Sir Jony Ive, Apple’s chief design officer, is leaving after 27 years with the firm. Pictured: Ive is seen (centre, pointing at a red iPhone) with Tim Cook, Apple’s CEO, during a company event, 12 September 2018. Photo: Apple
Putin praises populism, a few more days of hot weather and Gilles Seywert scores silver. Delano’s breakfast briefing for Friday.
Apple designer Ive resigns
Jony Ive, the lead designer of the iMac, iPod, iPhone and Apple Watch, said he’s leaving Apple later this year. Ive is setting up his own design consultancy, with Apple as his first client. Sources: BBC, Financial Times, The Guardian, Reuters and The Verge.
Credit Suisse flagged by US central bank
The US Federal Reserve has found several “weaknesses” in the “capital planning process” at the American arm of Swiss bank Credit Suisse during its annual stress test. It gave the bank until October to fix the flaws. Sources: AFP, CNBC and Financial Times.
Lego family & Blackstone to take Madame Tussauds private
The Danish family behind the toymaker Lego, private equity group Blackstone and Canadian pension fund CPPIB are close to buying out Merlin Entertainments, which runs Legoland Resorts and Madame Tussauds wax museums, in a £6bn deal, according to the Financial Times.
Ford job cuts
The carmaker Ford said it would make 12,000 of its 51,000 employees in Europe redundant by 2020, and shut down or sell production sites, as it overhauls its European business. Sources: Associated Press, BBC and Detroit Free Press.
Putin: liberal values “obsolete”
Russia’s president, Vladimir Putin, told the Financial Times that liberalism has “outlived its purpose” and praised the rise of anti-immigrant populist movements in Europe and the US.
Polish judicial independence questioned in non-binding EJC opinion
“The newly created disciplinary chamber of the Polish Supreme Court does not satisfy the requirements of judicial independence established by EU law,” a European Court of Justice advocate general said in a preliminary opinion. Sources: Bloomberg, Politico and Reuters.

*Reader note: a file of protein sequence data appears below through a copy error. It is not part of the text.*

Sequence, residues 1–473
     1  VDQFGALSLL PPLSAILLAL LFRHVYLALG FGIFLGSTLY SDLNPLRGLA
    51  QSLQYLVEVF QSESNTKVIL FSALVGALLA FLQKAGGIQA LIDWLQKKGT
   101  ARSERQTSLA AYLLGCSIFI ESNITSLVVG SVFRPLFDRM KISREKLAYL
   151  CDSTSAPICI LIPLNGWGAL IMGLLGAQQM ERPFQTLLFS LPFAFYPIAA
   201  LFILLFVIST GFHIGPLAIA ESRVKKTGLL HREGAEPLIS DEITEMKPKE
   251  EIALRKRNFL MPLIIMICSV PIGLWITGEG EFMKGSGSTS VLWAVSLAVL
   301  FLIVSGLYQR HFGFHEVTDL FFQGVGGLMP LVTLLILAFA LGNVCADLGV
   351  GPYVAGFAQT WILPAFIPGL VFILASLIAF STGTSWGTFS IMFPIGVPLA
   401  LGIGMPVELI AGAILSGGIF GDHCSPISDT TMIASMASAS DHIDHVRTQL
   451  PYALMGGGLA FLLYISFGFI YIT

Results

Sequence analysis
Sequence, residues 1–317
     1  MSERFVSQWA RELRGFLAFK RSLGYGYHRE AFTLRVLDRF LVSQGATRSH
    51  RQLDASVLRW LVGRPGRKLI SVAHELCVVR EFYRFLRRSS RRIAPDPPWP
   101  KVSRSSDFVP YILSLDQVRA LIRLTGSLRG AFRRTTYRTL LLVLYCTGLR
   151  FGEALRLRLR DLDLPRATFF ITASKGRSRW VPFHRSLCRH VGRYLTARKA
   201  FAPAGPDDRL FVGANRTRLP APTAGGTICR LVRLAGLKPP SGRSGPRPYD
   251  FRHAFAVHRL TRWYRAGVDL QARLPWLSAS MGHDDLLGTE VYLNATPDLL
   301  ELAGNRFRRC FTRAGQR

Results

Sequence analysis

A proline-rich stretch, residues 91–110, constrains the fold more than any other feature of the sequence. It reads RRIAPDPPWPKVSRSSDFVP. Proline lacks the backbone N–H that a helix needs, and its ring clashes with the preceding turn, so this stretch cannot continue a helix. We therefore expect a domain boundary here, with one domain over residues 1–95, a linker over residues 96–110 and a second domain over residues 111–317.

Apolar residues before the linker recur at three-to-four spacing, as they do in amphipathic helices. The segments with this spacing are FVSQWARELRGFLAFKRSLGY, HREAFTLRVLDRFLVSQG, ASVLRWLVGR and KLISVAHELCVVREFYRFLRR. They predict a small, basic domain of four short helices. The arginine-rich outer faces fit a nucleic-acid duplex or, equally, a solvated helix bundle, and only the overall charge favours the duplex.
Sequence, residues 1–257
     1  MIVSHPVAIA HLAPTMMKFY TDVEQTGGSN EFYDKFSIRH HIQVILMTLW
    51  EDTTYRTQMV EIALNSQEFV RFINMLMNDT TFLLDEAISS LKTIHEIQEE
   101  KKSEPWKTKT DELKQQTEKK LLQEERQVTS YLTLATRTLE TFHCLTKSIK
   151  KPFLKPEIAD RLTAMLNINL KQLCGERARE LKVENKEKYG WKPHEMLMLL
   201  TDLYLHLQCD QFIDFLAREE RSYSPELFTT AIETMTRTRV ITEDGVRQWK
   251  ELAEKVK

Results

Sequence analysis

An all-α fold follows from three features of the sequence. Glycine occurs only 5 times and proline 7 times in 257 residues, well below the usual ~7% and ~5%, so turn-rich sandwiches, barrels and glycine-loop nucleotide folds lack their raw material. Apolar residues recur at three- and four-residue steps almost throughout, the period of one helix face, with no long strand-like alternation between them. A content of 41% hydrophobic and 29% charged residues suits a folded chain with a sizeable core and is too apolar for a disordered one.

Merkel seen shaking again
For the second time this month, the German chancellor Angela Merkel was seen shaking during a public event. Merkel’s spokesman said afterwards that she was “fine”. Dehydration was blamed for the first incident. Sources: Associated Press, BBC and Deutsche Welle.
Heatwave to break after weekend
Temperatures in Luxembourg are forecast be cooler on Monday. Sources: Accuweather and Meteolux.
Here are 10 science & technology stories you may have missed
Artificial intelligence: Researchers have designed a system for Alexa to “identify the telltale gasping sound” of people suffering a heart attack, per MIT Technology Review. Space, part 1: “Astronomers have come up empty-handed after scanning the heavens for signs of intelligent life in the most extensive search ever performed,” wrote the Guardian. Space, part 2: Nasa’s Curiosity rover has detected three times the level of methane gas (which could possibly but not surely signal life) on Mars than detected in 2013, per Nature. IT security, part 1: Hackers (probably state-backed) stole data about Nasa’s Mars Curiosity rover and the network used to communicate with spacecraft by accessing an authorised Raspberry Pi, per ZD Net. IT security, part 2: A cybersecurity firm said hackers have stolen call data records (the type of metadata collected by electronic spy agencies) from 10 unnamed mobile phone networks outside North America, per Techcrunch. Data centres:NBC News profiled the “data embassies” set up by Estonia and Monaco in Luxembourg. Drones, part 1: Singapore’s airport was the latest to have flights disrupted by drone sightings, per CNN. Drones, part 2: Japan outlawed flying a drone while drunk, per the BBC. Continuity planning, part 1: “A slug has been blamed for a power outage that halted dozens of trains and delayed 12,000 passengers in Japan,” reported the AFP. Continuity planning, part 2: A study estimated that a GPS outage would cost the US economy $1bn a day, per Ars Technica.